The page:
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Abstract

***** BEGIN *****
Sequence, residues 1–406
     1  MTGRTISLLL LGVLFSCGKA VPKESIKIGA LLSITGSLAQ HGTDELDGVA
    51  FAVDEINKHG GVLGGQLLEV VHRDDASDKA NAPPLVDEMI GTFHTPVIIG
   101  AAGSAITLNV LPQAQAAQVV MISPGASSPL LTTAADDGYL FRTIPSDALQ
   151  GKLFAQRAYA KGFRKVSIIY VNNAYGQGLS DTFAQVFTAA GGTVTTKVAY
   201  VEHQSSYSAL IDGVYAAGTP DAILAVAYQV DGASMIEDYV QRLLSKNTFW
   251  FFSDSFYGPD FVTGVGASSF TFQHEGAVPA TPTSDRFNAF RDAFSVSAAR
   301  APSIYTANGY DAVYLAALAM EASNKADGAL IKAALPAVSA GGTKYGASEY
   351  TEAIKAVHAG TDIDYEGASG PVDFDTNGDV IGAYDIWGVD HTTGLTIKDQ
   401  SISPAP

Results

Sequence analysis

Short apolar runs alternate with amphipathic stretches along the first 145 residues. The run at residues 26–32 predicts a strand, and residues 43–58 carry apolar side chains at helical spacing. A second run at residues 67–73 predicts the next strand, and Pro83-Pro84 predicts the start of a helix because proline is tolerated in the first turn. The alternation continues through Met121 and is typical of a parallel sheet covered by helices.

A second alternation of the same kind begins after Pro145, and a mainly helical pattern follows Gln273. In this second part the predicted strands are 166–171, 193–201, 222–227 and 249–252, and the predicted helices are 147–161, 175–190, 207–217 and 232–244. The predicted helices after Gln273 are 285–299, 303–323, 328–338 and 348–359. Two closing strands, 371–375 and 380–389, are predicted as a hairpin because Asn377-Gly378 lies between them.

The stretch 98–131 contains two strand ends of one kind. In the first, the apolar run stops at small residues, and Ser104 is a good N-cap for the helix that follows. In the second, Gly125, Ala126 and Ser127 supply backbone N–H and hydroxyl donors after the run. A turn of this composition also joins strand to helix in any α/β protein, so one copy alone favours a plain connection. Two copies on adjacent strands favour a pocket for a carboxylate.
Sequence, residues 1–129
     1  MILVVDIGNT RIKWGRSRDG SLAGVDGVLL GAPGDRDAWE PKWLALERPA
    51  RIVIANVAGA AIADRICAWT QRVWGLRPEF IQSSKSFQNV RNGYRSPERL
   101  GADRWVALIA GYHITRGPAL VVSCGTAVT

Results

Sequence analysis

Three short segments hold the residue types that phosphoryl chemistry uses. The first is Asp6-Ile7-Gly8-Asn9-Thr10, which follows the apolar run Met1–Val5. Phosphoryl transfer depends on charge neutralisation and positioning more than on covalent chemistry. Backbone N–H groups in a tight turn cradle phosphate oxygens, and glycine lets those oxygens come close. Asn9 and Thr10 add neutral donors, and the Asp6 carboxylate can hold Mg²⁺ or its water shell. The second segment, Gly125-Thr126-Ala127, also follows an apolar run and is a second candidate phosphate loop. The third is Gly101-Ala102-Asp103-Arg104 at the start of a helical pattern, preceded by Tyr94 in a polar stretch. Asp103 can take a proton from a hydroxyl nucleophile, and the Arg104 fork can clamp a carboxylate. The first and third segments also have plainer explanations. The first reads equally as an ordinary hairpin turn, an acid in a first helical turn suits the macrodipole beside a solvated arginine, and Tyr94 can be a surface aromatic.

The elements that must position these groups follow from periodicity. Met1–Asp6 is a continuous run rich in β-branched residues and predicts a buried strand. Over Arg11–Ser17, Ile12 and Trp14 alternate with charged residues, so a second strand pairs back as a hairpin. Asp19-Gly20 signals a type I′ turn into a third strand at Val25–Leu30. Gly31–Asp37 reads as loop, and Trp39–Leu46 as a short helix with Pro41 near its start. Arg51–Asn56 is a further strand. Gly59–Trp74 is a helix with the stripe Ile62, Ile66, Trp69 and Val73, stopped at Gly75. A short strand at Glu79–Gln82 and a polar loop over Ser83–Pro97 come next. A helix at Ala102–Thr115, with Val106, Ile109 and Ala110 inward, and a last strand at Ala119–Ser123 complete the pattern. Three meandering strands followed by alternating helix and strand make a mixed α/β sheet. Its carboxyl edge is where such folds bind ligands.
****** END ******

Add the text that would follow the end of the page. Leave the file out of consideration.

Four cases of adenoacanthoma of the pancreas were collected and the literature reviewed. This uncommon histologic variant appears as aggressive and malignant as the more common adenocarcinomas. Two of these four cases had originally been diagnosed as squamous cell carcinomas and were shown to be adenoacanthoma in type after additional sections were examined microscopically. It is the authors' opinion that any squamous cell carcinoma of the pancreas must be thoroughly examined for adenocarcinomatous elements before it can be classified as being pure squamous in type. Also, because metastases may be predominantly of either squamous or adenomatous type, the presence of squamous carcinoma in a metastatic lesion does not eliminate the possibility of a pancreatic primary nor does the finding of two distinct histologic types of metastases necessarily imply two separate primary malignancies. The terminology and origin of this histologic type of pancreatic tumor are discussed.